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> I have some friends from mainland, currently staying in HK, who sincerely believe the general public is too naive to be allowed to make any decision. With the right amount of conditioning, people can be led to believe in anything even if it is contrarian to their well-being.

One can see grounds for arguing this in recent history, and not just in Hong Kong. But, to paraphrase C. S. Lewis: "Some say that the public is too naive to be allowed to decide. I do not contradict them. But I am still a democrat, because I see nobody wise enough to decide for others."




It's also a rather disingenuous to treat this like some sort of novel idea or some authoritarian ploy.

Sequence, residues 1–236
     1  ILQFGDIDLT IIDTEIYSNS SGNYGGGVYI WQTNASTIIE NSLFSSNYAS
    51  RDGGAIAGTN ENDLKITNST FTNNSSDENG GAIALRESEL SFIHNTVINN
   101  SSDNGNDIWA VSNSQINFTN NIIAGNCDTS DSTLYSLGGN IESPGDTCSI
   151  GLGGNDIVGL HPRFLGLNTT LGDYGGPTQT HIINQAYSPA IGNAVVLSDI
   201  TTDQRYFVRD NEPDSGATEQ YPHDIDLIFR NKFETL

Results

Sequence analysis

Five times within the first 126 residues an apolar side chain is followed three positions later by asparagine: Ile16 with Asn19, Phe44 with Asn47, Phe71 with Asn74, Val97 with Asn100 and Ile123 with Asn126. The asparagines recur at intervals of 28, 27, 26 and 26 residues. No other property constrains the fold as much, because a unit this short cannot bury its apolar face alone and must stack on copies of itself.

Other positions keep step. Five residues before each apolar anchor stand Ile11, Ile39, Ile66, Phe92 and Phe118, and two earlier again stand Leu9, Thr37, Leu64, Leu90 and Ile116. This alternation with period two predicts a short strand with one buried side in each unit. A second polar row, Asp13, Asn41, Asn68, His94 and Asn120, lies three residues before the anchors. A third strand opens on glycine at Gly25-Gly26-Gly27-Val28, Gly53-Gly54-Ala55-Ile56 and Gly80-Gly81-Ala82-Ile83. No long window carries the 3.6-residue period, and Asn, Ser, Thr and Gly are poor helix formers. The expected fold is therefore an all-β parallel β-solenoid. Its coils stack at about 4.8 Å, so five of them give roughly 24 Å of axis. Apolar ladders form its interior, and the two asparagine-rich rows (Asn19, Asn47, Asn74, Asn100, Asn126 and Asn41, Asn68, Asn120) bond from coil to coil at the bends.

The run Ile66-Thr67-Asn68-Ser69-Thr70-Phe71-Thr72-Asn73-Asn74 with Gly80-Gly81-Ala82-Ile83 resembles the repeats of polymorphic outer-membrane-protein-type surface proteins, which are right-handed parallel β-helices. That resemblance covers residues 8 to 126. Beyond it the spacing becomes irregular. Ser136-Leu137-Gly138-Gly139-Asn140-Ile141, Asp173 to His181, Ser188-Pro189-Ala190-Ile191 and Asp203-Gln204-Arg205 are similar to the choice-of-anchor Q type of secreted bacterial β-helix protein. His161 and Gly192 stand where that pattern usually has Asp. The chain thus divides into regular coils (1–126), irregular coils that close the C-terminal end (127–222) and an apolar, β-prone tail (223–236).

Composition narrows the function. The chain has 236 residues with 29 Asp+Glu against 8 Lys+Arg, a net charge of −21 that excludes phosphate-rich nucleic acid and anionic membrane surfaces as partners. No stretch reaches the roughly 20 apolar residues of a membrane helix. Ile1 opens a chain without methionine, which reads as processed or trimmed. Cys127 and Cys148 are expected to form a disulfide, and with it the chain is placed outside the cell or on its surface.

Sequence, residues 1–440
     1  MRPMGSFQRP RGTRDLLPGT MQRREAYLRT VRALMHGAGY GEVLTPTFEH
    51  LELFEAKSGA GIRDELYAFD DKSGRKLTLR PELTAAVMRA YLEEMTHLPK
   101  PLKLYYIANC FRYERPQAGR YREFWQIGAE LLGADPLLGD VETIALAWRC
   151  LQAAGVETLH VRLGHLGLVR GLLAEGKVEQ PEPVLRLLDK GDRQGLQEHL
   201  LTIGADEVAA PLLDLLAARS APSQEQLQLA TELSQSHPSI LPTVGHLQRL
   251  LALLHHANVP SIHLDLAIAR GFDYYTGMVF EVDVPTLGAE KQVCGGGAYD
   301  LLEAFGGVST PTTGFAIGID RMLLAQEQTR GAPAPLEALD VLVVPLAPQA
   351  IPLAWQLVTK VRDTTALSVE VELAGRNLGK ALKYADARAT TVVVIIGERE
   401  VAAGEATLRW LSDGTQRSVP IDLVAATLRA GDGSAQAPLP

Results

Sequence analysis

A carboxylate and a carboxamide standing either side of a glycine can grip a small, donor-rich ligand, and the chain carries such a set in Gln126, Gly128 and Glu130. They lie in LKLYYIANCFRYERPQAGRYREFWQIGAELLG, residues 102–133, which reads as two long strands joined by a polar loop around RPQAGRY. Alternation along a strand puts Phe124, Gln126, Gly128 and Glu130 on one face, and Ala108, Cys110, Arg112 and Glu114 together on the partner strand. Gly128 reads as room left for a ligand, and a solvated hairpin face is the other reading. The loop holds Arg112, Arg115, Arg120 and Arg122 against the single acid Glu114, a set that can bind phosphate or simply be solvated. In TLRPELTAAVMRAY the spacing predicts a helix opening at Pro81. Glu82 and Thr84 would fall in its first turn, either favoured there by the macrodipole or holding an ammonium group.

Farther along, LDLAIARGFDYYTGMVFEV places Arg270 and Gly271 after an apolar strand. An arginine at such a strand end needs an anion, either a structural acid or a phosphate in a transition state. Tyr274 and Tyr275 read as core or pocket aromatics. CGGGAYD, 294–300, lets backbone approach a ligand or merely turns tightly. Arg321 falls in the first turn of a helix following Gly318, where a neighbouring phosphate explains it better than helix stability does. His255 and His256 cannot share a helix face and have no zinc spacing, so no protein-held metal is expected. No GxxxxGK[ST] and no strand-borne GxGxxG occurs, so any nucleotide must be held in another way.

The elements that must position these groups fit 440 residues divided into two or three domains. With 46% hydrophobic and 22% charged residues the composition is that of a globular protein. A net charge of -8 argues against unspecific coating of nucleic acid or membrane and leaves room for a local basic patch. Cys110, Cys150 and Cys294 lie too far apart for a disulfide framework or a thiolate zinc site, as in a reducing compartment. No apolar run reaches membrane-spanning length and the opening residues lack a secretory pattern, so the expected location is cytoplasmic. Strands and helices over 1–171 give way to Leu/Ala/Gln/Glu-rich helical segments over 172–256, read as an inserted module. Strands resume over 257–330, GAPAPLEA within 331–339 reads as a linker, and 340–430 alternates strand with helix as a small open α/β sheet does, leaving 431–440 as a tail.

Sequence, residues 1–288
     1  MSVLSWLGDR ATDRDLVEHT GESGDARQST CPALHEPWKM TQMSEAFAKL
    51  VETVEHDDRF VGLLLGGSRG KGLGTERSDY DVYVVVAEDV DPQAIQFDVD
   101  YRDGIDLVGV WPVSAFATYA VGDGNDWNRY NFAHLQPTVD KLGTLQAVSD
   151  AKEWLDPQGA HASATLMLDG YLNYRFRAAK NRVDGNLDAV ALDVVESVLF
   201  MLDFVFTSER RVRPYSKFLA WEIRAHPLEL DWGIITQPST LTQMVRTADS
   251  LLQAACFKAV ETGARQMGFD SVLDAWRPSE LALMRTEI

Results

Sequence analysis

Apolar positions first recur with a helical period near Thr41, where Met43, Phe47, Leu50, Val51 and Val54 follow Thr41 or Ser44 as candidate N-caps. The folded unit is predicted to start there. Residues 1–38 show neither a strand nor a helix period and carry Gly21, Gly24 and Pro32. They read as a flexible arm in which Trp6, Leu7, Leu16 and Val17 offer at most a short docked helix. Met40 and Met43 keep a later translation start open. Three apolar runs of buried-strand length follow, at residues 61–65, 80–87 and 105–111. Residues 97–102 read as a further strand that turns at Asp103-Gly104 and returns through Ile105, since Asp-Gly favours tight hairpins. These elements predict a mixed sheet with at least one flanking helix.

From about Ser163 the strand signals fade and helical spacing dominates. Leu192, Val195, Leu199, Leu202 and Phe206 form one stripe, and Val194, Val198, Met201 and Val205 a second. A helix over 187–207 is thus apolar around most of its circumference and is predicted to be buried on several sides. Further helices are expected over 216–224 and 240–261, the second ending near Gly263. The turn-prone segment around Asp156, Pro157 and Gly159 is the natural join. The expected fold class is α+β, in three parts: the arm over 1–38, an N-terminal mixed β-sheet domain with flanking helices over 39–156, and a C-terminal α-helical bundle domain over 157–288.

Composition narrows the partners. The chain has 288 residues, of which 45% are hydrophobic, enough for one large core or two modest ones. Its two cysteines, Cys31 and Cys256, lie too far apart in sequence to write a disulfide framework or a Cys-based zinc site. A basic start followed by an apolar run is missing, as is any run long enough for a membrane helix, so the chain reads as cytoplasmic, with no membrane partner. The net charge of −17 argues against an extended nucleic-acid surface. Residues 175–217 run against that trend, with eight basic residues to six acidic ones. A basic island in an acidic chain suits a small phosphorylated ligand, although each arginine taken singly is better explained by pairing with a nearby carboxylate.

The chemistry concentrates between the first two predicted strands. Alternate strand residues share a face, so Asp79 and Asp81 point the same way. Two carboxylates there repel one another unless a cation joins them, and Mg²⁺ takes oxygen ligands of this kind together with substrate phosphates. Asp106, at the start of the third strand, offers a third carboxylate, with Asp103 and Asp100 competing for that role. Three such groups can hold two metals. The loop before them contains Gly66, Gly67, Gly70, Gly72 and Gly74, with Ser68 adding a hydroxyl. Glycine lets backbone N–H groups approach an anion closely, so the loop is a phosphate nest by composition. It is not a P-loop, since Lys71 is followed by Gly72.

Plato has been arguing that if you don't select your surgeon or carpenter based on that person's popularity in making public promises, why do you do so for statecraft?


> Plato has been arguing that if you don't select your surgeon or carpenter based on that person's popularity in making public promises, why do you do so for statecraft?

Politicians are elected by their promises, reelected by their performance. Also, there is no objective "skill" a politician can hold to be "good" like a surgeon or carpenter, your analogy breaks down completely.




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